After hundreds of moderators urged Reddit to ban COVID-19 misinformation on the platform, Reddit has taken a stance. The platform responded by upholding its decision to allow "debate and dissent" about the pandemic and the COVID-19 vaccines.
"Dissent" Is Part of Reddit's Foundation
In an open letter on r/vaxxhappened, over 450 moderators from a range of subreddits called for the platform to ban any communities that contain misinformation about COVID-19. Moderators from some of the biggest subreddits are on board with the plea, including those from r/aww, r/lifeprotips, and r/dataisbeautiful.
The letter slams Reddit, saying the platform has done "nothing of substance" to combat misinformation about the pandemic. It calls on Reddit to ban any "subreddits which exist solely to spread medical disinformation and undermine efforts to combat the global pandemic." The post received over 169,000 upvotes.
Reddit CEO Steve Huffman responded to the moderators' letter in a post on r/announcements. He noted that while Reddit backs the CDC's recommendations on vaccination and masking, it doesn't support the shutdown of subreddits that have opposing views.
"Dissent is a part of Reddit and the foundation of democracy," Huffman stated. "Reddit is a place for open and authentic discussion and debate. This includes conversations that question or disagree with popular consensus."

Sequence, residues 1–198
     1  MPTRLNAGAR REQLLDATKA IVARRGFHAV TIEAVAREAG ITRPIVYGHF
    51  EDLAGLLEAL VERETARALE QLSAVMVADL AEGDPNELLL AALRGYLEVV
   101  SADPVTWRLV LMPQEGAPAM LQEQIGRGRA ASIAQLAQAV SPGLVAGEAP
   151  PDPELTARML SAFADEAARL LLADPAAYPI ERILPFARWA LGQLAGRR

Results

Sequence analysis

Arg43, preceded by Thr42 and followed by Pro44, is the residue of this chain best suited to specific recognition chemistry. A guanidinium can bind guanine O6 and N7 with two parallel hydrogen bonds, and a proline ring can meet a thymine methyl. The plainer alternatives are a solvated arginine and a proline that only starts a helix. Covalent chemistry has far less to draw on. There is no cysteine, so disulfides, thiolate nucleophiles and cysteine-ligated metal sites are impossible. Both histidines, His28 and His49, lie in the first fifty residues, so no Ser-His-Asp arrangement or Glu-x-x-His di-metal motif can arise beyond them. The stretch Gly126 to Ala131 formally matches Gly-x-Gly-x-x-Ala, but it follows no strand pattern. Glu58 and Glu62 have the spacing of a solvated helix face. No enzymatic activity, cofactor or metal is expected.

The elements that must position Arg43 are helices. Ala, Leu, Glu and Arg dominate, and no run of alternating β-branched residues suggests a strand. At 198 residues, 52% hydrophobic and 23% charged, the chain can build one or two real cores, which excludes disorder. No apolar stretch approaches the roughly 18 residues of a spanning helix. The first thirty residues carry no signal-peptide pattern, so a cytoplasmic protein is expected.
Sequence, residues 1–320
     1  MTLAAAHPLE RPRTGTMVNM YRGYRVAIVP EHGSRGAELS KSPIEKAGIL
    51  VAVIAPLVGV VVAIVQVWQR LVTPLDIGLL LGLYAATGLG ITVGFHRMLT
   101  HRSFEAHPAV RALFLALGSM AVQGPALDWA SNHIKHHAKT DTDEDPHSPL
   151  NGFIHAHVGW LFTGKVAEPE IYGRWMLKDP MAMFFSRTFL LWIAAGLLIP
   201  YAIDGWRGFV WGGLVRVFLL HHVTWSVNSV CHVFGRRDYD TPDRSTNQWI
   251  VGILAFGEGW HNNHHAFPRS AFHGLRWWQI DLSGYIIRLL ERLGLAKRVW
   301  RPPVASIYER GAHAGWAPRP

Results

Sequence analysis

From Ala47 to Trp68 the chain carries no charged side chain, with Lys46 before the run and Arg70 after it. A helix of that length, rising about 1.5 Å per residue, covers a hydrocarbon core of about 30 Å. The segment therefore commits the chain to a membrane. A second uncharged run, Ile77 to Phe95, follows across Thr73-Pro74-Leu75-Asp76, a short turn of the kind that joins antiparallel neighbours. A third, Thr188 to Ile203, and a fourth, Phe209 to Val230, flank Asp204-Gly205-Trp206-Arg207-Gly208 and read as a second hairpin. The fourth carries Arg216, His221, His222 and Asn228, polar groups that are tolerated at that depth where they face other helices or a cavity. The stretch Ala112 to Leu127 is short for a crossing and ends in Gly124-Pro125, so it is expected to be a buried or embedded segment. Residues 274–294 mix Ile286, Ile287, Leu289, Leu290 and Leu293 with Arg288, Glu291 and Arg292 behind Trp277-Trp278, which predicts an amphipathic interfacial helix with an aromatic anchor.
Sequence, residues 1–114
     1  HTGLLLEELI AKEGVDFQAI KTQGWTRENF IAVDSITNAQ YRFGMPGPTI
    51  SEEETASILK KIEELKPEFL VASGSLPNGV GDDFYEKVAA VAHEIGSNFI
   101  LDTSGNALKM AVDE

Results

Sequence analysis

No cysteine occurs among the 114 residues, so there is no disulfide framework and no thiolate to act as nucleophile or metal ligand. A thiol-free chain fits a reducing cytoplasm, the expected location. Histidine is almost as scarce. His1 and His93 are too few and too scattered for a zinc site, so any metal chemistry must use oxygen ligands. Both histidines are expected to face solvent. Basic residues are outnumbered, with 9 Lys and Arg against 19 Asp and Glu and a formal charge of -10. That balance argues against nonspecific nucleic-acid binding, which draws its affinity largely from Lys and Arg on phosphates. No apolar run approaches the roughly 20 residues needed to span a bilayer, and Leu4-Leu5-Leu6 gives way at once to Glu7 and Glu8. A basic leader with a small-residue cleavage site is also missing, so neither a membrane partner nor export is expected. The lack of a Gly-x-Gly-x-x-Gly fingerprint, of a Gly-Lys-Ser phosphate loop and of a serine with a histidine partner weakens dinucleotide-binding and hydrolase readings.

Reddit won't take action on subreddits that engage in "debate and dissent" on the pandemic, but the platform will post links to the CDC wherever necessary. It will use its quarantine tool on subreddits that promote false information or may be offensive to some users, which requires users to click through a warning message to enter the community.
Huffman also noted that it will continue to take action on subreddits that pose an imminent threat. This includes communities that are "manipulating or cheating Reddit to amplify any particular viewpoint," engaging in fraud, encouraging harm, or breaking any of Reddit's other rules.
The moderators who penned the open letter, as well as the members of the r/vaxxhappened community, obviously aren't satisfied with Reddit's response. An ongoing thread on the subreddit criticizes the platform's decision not to ban COVID-19 misinformation.
Reddit Takes a Step Back
Is Reddit doing enough to combat misinformation? Other social platforms, like Facebook, Twitter, TikTok, and Instagram, have all been pretty strict about what is and isn't allowed in terms of COVID-19 misinformation.
Reddit's response to the open letter shows that it's taking more of a hands-off approach to the situation, leaving some wondering if this will breed more uncertainty and doubt.